Do you have much interactions with people from other martial arts schools and styles? If so, what have those experiences been like for you? Please share your experiences in the comments.

Comments (10)

10 thoughts on “3 Dirty Words I’ll Never Say As a Martial Artist

  1. Thanks for this piece. Not enough instructors say this. People get confused because there are lots of different things that people are doing under the label “martial arts.” Some are doing combat-like sports, some are doing self-defense, and some are doing a martial performance art. There is nothing wrong with sport, self-defense, or art. These are all good, legitimate things to do. And, truly, most martial arts have a particular mixture of all three. I’m doing Muay Thai now which is probably something like 90% sport, 5% self-defense, and 5% art. (Of course, skills from one area can sometimes translate into other areas. Sports skills can translate in to self-defense situations. But training with 16 ounce boxing gloves all of the time is not training for a real-life self-defense scenario where you will not have on boxing gloves. It’s training for a sports situation.) I did traditional taekwondo years ago, and that was about 50% sport, 10% self-defense, and 40% art. Different martial arts offer different things. I pretty much enjoy all martial arts. I’ll watch aikido as quickly as I’ll watch boxing. It’s hard for me to think of a truly great martial artist who did not train in more than one style. A particular style may not be what a particular individual is looking for, but that does not make it somehow an invalid pursuit for other people.

    1. What you say about martial arts being a mix of the three is very true. I like the breakdowns you mention too. I feel the same way as you, that there is something interesting in every martial art and that there is more than enough room for it all in the world. Thanks for commenting. 🙂

  2. The term ‘martial arts’ really is an abstract concept that encompasses a wide variety of styles and practices and among styles there’s a great variety of approaches and quality of teaching. To say one style is better than another (without adding a qualifier) is nonsense: it’s the people who use it that matter and all have different purposes so it’d be unfair to judge a style with a criterium it wasn’t designed for. What you can do however is judge the relative merits of particular styles with regard to your personal goal to assess whether or not it’d be worth it for you to train in it. If I was a bouncer I wouldn’t go looking for wushu since in that context it’s pretty much useless, if I’m interested in ancient culture and antique weaponry I’d be much better off looking for a kenjutsu or similar school than train in a local boxing gym.

    What I do have a problem with is people (i.e instructors) claiming their style is good for something it clearly isn’t: I’ve got nothing against aikido for example but to claim you’ll learn effective self-defence in a reasonable timeframe is just ludicrous: aikido is very technical and mostly based on outdated attacks (shuto and the like) and it takes ages to advance to the level where it’s actually useful in a violent situation. This doesn’t mean it can’t be used for SD, it’s just that I very much doubt most aikido-students are actually capable of it and that’s largely tied to the choice of techniques and training methods.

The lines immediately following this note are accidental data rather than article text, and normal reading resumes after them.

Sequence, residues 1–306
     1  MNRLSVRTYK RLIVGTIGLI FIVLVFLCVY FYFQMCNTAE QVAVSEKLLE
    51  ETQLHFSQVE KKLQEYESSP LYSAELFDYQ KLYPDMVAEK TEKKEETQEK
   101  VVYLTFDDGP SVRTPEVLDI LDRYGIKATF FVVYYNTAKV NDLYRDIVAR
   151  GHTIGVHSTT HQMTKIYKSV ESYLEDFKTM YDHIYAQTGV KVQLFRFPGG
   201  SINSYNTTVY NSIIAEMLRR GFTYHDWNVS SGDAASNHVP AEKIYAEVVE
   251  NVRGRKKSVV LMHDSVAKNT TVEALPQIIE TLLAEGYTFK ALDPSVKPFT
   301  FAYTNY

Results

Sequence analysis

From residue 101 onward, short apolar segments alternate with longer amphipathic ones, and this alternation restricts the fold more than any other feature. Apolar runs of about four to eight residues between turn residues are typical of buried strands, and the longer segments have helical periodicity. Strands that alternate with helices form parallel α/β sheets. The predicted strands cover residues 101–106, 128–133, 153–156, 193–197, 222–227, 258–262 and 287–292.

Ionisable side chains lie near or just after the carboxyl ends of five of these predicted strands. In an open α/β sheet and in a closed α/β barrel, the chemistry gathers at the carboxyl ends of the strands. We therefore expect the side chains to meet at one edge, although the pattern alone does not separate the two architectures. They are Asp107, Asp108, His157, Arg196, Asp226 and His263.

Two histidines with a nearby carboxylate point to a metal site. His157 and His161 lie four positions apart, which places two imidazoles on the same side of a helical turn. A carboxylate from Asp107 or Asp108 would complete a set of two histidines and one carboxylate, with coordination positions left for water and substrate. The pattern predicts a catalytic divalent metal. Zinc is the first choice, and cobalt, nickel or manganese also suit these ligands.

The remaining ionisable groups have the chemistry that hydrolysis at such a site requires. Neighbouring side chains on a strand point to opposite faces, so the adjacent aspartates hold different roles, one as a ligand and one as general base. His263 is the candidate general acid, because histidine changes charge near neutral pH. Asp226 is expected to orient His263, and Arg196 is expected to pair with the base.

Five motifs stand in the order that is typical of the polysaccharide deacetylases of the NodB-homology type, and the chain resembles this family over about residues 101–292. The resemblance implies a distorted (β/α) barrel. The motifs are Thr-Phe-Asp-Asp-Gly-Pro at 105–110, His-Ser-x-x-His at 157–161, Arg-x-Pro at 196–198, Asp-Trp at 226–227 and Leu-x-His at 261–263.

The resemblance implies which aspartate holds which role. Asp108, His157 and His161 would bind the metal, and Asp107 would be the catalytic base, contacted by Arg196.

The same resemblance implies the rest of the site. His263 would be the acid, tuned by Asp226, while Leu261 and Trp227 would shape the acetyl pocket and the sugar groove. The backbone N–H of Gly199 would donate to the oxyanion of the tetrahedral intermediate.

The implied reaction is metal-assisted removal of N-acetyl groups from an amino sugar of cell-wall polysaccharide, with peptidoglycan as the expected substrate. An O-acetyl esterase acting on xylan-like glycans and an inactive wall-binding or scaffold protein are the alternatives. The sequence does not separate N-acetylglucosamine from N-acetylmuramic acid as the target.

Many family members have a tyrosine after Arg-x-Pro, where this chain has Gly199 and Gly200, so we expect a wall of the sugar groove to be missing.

My attitude to training in other styles is pretty much a pragmatic one: I know what I train for and I select techniques that are useful and practical to me as an individual. This doesn’t mean I’ll be disrespectful of styles that don’t suit my purpose: this would be a barbaric attitude and unworthy of a true student of martial arts. I’ll not even critique particular techniques openly (what’s the use?) but thank them for their effort in teaching and retain what I can use and what fits well with what I already know.

    What I do detest though is incompetence: if something is supposed to work in a certain way and it’s clear it doesn’t (especially when it’s performed by a high ranking practioner) then I’ll probably get angry (again not openly) and consider my time wasted. This is true for jujutsu too: I’ve been to a reasonable number of seminars and time and time I’ve seen people (brown belt and up) who just weren’t up to snuff and probably couldn’t fight for real if required. Why their instructor gave them the belt is beyond me (the only thing it does is instill false pride and false confidence) but then again that’s a wholely different topic.

    To conclude: I think a true martial artist should try to develop his or her own style based on their experiences, thoughts and characteristics. Hopefully this means having looked beyond the borders of style and into the true nature of martial arts. There’s so much to learn and experience and hopefully along the way you’ll have realised martial arts consist of sport, art, SD and perhaps other factors and every one is valuable although it may not be for you. I agree with ADouble styles are almost always a composite of approaches but for now I lean heavily towards SD-styles, later on I’ll probably complement this with sport-based applications and perhaps when I’m older I’ll consider the softer, more aesthetic and cultural aspects like taichi (meditation in movement) or the ancient Japanese weapon-styles. Isn’t it great there’s so much variety and so much room for further development and exploration?